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Improving the quality of malaria diagnostics in the developing world, PI: Professor Pietro Cicuta (Department of Physics)

Almost half the world’s population is at risk of malaria, yet many countries lack access to robust ways of diagnosing the disease. Thanks to funding from the GCRF GIAA, Cambridge physicists are developing a novel microscopy training package to raise standards of malaria diagnosis in developing countries.

With more than 200 million cases and 400,000 deaths a year, malaria remains the world’s most devastating infectious disease. Many countries, however, have too few trained microscopists to accurately diagnose the disease. Instead, they rely on simple chemical tests that result in poorer patient outcomes.

In the Cavendish Lab, Professor Pietro Cicuta has studied malaria for more than 10 years, alongside colleagues from the Department of Physiology, Development and Neuroscience and the Wellcome Sanger Institute. As a physicist, albeit with a biological bent, his work focusses on two main goals: understanding how the parasite enters human red blood cells and automation systems that would enable blood smears to be analysed more quickly and cheaply in malaria-endemic regions.

“Membrane mechanics is crucial in malaria infection – and much more important than the parasite’s protein chemistry. Because the parasite has to punch a hole in the red blood cell, anything that affects membrane rigidity is important,” he explains.  To study this, Pietro has developed novel gadgets and microscopes that allow him to video and quantify the invasion process in order to develop new therapies to prevent infection.

Alongside this, Pietro is also working on new image analysis techniques that could one day automate malaria diagnosis. “Microscopy is the gold standard for diagnosing malaria because it tells us how severe the infection is, and what species of malaria we’re dealing with. It’s done by people looking down a microscope at a drop of dried blood, but it could easily be analysed by computers, so we’re working on a way to automate it.”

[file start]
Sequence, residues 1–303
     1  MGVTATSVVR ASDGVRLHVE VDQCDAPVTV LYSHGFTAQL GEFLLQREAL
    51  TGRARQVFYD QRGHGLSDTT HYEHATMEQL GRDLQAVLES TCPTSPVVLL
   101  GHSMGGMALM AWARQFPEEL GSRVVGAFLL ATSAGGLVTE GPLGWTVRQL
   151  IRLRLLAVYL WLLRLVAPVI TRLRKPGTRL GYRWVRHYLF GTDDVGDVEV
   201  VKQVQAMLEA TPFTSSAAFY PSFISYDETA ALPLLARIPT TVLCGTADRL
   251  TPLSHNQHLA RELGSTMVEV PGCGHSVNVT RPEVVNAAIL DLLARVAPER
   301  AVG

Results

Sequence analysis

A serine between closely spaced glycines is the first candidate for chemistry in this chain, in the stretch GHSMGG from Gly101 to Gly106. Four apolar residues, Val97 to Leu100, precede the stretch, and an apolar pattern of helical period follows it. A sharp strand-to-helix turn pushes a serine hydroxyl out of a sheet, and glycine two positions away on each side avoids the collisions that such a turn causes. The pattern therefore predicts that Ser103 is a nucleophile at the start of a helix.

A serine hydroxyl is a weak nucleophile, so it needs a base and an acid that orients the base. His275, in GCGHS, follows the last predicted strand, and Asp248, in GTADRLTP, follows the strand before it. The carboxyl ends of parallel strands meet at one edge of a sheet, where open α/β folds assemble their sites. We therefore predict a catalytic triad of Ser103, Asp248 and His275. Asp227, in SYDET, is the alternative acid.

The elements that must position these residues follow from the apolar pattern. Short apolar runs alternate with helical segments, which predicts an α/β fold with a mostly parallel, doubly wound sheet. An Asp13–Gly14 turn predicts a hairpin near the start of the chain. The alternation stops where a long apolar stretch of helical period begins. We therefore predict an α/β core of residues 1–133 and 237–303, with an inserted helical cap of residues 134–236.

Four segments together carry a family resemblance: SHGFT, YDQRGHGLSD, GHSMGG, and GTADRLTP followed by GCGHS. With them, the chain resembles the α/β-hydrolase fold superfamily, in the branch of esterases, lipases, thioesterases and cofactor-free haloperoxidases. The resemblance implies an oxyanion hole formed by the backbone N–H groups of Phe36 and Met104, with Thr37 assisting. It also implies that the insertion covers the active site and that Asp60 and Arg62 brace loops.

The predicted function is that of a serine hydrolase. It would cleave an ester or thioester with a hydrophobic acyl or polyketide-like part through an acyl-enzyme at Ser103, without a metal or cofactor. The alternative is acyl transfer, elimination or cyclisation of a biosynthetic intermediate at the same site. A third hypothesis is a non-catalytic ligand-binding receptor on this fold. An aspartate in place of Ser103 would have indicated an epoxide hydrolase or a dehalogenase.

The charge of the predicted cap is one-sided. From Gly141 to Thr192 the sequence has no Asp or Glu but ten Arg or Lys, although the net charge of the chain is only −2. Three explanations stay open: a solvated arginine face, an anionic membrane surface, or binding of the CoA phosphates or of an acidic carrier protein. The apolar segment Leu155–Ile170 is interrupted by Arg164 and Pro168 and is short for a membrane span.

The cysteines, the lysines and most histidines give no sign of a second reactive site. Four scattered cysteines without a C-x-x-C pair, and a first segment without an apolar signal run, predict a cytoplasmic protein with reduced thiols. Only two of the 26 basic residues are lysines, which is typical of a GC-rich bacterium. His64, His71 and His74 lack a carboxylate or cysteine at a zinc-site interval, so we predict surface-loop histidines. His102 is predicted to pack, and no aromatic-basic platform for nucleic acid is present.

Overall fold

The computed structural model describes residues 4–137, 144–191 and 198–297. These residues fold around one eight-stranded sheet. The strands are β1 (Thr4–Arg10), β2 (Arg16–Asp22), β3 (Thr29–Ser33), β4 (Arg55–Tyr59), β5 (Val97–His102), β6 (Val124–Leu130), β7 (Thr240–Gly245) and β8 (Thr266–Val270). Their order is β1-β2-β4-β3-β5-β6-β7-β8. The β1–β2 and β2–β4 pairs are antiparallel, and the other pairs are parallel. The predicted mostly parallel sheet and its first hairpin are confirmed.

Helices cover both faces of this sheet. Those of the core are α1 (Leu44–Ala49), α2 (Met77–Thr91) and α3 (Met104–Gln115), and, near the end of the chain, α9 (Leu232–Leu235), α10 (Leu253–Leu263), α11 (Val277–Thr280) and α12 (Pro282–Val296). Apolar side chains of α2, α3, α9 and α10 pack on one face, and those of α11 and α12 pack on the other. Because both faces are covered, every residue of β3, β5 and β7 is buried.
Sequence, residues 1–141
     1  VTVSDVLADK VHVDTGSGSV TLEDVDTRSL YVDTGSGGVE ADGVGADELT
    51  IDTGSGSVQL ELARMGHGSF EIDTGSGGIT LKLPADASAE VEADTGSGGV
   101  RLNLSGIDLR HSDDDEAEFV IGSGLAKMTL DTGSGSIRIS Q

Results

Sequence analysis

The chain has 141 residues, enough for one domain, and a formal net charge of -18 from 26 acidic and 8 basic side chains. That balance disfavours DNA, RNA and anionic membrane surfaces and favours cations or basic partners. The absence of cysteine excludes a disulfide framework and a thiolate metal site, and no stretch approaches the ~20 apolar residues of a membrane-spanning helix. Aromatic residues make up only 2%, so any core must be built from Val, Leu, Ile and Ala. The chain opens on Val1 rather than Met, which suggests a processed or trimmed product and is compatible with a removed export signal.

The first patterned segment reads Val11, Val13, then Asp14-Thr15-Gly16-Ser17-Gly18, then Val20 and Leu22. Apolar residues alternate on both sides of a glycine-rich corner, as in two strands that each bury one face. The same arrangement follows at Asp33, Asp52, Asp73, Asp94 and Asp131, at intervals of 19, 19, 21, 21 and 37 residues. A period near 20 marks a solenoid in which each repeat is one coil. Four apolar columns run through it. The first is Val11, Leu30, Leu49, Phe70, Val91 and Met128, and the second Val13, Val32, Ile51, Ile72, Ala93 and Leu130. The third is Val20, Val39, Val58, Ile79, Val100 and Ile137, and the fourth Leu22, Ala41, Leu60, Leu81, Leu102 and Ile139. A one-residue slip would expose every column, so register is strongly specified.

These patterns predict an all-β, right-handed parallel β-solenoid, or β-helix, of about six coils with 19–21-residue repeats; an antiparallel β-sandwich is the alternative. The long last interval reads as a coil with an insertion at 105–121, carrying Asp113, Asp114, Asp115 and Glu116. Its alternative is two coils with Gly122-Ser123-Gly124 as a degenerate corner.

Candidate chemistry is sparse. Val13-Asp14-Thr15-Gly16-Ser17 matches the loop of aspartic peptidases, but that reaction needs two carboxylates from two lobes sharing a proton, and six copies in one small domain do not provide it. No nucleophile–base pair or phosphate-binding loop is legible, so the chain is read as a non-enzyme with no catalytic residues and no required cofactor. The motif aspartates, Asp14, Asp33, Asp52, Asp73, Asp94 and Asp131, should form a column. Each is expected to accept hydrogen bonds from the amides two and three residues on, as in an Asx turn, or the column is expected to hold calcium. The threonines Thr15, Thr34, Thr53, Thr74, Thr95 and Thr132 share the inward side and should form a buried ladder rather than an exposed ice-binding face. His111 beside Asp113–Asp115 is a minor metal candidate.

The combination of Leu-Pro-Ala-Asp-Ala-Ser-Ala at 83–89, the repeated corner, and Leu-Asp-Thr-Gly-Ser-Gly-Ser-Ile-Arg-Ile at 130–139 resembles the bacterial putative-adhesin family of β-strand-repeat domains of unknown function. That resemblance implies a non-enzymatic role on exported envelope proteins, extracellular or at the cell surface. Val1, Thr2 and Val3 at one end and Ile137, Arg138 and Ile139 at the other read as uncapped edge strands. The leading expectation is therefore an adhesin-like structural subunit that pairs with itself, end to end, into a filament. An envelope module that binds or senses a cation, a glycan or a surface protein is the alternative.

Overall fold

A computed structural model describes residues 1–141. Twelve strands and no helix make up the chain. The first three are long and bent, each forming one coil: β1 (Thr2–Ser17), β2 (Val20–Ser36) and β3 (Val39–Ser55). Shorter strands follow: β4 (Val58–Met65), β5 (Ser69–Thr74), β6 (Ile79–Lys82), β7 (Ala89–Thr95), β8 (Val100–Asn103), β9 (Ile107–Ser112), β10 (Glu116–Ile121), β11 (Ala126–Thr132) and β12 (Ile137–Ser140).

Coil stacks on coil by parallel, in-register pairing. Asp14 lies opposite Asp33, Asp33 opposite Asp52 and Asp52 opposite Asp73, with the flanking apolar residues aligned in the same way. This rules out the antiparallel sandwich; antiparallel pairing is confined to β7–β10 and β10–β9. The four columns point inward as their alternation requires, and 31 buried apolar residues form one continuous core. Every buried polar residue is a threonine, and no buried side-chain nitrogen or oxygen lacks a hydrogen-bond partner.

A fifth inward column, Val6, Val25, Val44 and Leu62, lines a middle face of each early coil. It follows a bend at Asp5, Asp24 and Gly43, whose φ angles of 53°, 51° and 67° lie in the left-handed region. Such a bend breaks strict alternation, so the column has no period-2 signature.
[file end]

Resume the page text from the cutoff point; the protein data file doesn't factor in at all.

The GIAA call came as two summer students were finishing work on part of the image analysis problem, so Pietro decided that while they continued towards that goal of revolutionising diagnosis, he could use the funding to devise an interim, short-term fix.

“The aim is to produce an affordable training kit to improve training standards and quality assurance by simply producing blood slides annotated with the position of the parasites,” he says. “I think of it like the theory part of the driving test – something that’s simple and quick to administer and which provides quality control.”

Pietro used the GIAA funding to invent a way of imposing a grid pattern on microscope slides (something that did not exist commercially), onto which is added a drop of malarial blood. Thanks to the grid, the position of the parasites is then annotated and the training kit is ready to go.

“We’ve standardised making the blood smears and worked on a software tool to label the grids. At the moment people have to decide on the correct answer for each slide, but we are working on software for that too, so the process can be as quick as possible. We’re even looking at labelling the parasites with fluorescent proteins to make this even easier.”

The next step is to test the training kits with microscopists in Africa, building on Pietro’s existing partners in Tanzania and Kenya: “As part of our other EPSRC and GCRF grants, we already work with clinicians in a large health clinic who treat severe malaria cases and conduct clinical trials of vaccines, so they have lots of microscopy technicians and will be our first collaborators.”

And despite the real technical hurdles, the project’s toughest challenge so far has been navigating the ethical and legal issues. “Despite the fact we’ve worked on malaria for a decade, waiting for clearance from the various committees, blood banks and other bodies involved has been frustrating,” he admits, “but the reward is that we can have real impact and build on our existing relationships.”

For that, he concludes, the GIAA has been invaluable: “We’d not have thought of developing this training kit without the funding, because it’s an off-shoot of our main research. The GIAA funding enabled us to work on the idea, so it was really timely and extremely useful.”


Funded by: GCRF Global Impact Acceleration Account 2018 University of Cambridge (EP/S515966/1)